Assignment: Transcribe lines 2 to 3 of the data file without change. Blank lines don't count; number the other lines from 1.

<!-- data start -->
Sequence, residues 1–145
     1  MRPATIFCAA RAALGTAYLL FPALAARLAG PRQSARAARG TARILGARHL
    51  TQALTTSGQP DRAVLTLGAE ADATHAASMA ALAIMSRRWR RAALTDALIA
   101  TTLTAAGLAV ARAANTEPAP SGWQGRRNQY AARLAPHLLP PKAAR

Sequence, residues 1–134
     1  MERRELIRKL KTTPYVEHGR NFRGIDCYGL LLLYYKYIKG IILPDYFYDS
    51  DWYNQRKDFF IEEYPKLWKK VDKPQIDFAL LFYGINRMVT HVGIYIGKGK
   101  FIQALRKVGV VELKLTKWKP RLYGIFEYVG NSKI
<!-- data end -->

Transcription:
     1  MRPATIFCAA RAALGTAYLL FPALAARLAG PRQSARAARG TARILGARHL
    51  TQALTTSGQP DRAVLTLGAE ADATHAASMA ALAIMSRRWR RAALTDALIA